Shoe startup Milk & Honey adds a dose of charity to its celebrity endorsements

By Michael Carney , written on February 22, 2013

From The News Desk

There are no shortage of examples of how and why startup celebrity integrations don’t work. Most are misaligned from the beginning in terms of the expectations of both parties and the compensation changing hands. Giving up a significant chunk of equity can be demoralizing to a startup and yet of little motivation to most celebrities unless success is obvious early on. And paying for endorsements is tough because those celebrities you can afford, you don’t want, and those you want, you probably can’t afford. Without the proper incentivization, celebrities are unlikely to put in the time and effort necessary to make an integration truly worthwhile.

So does this mean that working with stars is always a bad idea? If done traditionally, the answer is nearly alway yes. But there are some creative alternatives that can make things interesting for everyone involved.

Los Angeles-based custom shoe startup Milk & Honey has been rather effective in combining celebrity and charity. The Launchpad LA alumni company has previously run campaigns with Ginnifer Goodwin, Kate Mara, Malin Akerman, Rachael Ray, Amber Valletta, and AnnaSophia Robb in which the celebrity personally designs a shoe which is then featured on the site and the proceeds of all sales of that shoe go to their charity of choice. Today the company is rolling out its latest celebrity design from Whitney Cummings, star of NBC’s Whitney, to benefit her charity Operation Smile.

The model is a win win for both Milk & Honey and for the celebrity. The startup breaks even on each sale, and gets significant publicity and brand value by being associated with these highly fashionable women – which it otherwise could not afford to work with. The celebrity, on the other hand, gets a fun and authentic way to express themselves while doing something positive.

Co-founder Dorian Howard, one half of the duo behind Milk & Honey along with her sister Ilissa, has the advantage of coming from the Hollywood world, having previously worked in production for Paramount Pictures and New Line Cinema. This doesn’t mean she can pick up the phone and get a hold of anyone she wants – although she’d likely be more effective than you and me – but more importantly she gets the “rules of celebrity.”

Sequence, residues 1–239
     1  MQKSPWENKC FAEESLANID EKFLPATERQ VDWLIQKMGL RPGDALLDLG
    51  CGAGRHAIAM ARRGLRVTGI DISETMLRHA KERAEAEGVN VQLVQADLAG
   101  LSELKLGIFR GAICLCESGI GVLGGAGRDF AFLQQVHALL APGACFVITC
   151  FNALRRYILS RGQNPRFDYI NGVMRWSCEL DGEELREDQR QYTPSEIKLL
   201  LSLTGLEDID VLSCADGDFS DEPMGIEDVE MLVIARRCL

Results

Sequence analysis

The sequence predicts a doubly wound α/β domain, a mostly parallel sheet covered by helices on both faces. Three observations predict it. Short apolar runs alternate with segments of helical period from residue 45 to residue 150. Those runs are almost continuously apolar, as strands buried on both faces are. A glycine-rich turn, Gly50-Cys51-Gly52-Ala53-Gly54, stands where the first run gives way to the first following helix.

“Celebrities get offers in every category and across every channel all the time,” Howard says. “And they get free stuff all the time too, most of which ends up going to their assistant or friends.” The young executive recognizes that to a celebrity, their brand is their greatest asset, meaning they’re unlikely to align themselves too closely with a risky early stage business, lest it fail and their image get dragged down along with it.

In a charitable context, it’s much more difficult to come off look bad. Every shoe purchased gives more money to the charity, but no one is standing there with a scoreboard measuring campaign effectiveness. It’s fairly close to a win, win.

One thing that pleasantly surprised Howard was how personally involved each celebrity was in designing their shoes. The company offered to do the heavy lifting of creating a few custom designs from which the stars could choose, but were rebuffed at each turn with the stars insisting on coming into their design studio and being personally involved in the process. These are fashionable women after all, and creating custom shoes isn’t something you get to do every day.

The other thing that the Howards did right was to make the experience as easy and non-threatening as possible for the celebs. There was a strict no picture taking and no autograph requesting policy around the office. And there were no gushing blog posts written about the experience either. By keeping it casual, they ensured that the women didn’t need to worry about hair and makeup and a stylist before coming in to create their designs.

Milk & Honey has been introducing a new celebrity design each quarter as of late although that will likely accelerate to a rate of every six to eight weeks. The campaigns have been popular and they have been equally effective at driving women to the site to create their own custom designs, as they have been at selling the charitable shoes.

The company isn’t the first brand to integrate charity into their DNA. Toms and Warby Parker have built their entire brand identity around giving back. Similarly, H&M’s “Fashion Against Aids” and Gap’s “Product RED” have offered strong examples of authentic corporate charitable initiatives. Celebrities have integrated fashion and commerce into their social campaigns as well, such as Rachel Roy’s Hearts for Haiti earring line introduced after the 2010 Haiti earthquake.

“Obviously, one benefit we get from being a start-up in LA is our proximity to celebrity,” Howard says. “If we're not going to be in the fashion capital – NYC – or the VC capital – SF – then we need to highlight what LA offers. We were shocked how accessible celebrities are when you give them something that’s actually interesting to them.”